Evolutionary economics
deals with the study of processes that transform economy for firms, institutions, industries, employment, production, trade and growth within, through the actions of diverse agents from experience and interactions, using evolutionary methodology[3][4]
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National Accounts
National accounts
National accounts
or national account systems (NAS) are the implementation of complete and consistent accounting techniques for measuring the economic activity of a nation. These include detailed underlying measures that rely on double-entry accounting. By design, such accounting makes the totals on both sides of an account equal even though they each measure different characteristics, for example production and the income from it
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Expeditionary Economics
Expeditionary economics
Expeditionary economics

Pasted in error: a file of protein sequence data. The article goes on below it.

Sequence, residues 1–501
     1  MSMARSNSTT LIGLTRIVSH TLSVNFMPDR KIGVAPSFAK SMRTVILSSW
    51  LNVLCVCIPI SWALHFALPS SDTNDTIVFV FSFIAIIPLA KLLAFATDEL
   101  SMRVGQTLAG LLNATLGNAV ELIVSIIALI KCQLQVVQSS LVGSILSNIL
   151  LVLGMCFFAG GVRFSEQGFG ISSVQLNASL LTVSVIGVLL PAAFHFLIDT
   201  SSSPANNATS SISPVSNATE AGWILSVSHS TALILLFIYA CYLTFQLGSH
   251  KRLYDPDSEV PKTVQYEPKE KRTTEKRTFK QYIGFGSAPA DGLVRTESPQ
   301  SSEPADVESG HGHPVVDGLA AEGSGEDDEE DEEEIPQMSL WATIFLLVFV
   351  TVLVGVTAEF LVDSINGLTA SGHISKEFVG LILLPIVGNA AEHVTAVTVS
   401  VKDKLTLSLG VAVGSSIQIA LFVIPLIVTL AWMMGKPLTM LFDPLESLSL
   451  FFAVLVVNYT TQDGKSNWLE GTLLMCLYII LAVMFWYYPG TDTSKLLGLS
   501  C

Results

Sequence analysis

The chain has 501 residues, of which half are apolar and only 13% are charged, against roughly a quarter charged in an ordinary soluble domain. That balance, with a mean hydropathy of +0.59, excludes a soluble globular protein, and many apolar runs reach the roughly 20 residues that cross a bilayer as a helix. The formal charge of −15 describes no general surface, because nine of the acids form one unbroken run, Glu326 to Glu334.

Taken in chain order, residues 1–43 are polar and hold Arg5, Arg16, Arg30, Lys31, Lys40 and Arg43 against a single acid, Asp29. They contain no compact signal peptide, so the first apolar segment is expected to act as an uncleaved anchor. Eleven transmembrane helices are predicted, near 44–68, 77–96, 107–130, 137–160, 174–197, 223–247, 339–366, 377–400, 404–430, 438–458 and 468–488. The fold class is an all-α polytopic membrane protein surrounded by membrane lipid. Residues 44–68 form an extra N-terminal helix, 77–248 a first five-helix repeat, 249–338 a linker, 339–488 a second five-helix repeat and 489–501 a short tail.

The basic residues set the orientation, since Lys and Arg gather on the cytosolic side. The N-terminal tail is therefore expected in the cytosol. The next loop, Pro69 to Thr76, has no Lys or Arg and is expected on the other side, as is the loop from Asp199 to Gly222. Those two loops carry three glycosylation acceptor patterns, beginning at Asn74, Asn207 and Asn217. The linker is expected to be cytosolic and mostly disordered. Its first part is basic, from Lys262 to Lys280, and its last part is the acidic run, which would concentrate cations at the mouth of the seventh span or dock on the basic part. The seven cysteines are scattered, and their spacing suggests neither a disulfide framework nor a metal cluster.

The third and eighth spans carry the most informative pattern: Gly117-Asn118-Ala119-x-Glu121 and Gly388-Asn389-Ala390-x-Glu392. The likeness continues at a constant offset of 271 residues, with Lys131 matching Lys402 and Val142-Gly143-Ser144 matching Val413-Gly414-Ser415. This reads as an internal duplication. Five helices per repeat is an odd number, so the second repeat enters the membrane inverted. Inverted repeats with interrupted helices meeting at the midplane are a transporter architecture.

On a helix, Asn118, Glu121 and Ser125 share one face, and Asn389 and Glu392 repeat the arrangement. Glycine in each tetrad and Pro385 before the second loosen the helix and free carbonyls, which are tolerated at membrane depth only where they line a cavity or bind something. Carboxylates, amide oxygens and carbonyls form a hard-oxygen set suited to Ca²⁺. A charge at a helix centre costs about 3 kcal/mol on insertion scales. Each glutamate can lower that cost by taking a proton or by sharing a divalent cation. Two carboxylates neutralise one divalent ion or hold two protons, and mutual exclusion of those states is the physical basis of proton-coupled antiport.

is an emerging field of economic enquiry that focuses on the rebuilding and reconstructing of economies in post-conflict nations and providing support to disaster-struck nations. The term was first introduced in 2010 in an essay by Carl Schramm, the former president and CEO of the Ewing Marion Kauffman Foundation.[1] It focuses on the need for good economic planning on the part of developed nations to help prevent the creation of failed states. It also emphasizes the need for the structuring on new firms to rebuild the national economies.[2] Since then, the theory has been used by the U.S. Government
U.S. Government
and the U.S. Army
U.S. Army
to restructure the economies of countries such as Iraq
Iraq
and Afghanistan
Afghanistan
and helping Haiti
Haiti
after its severe earthquake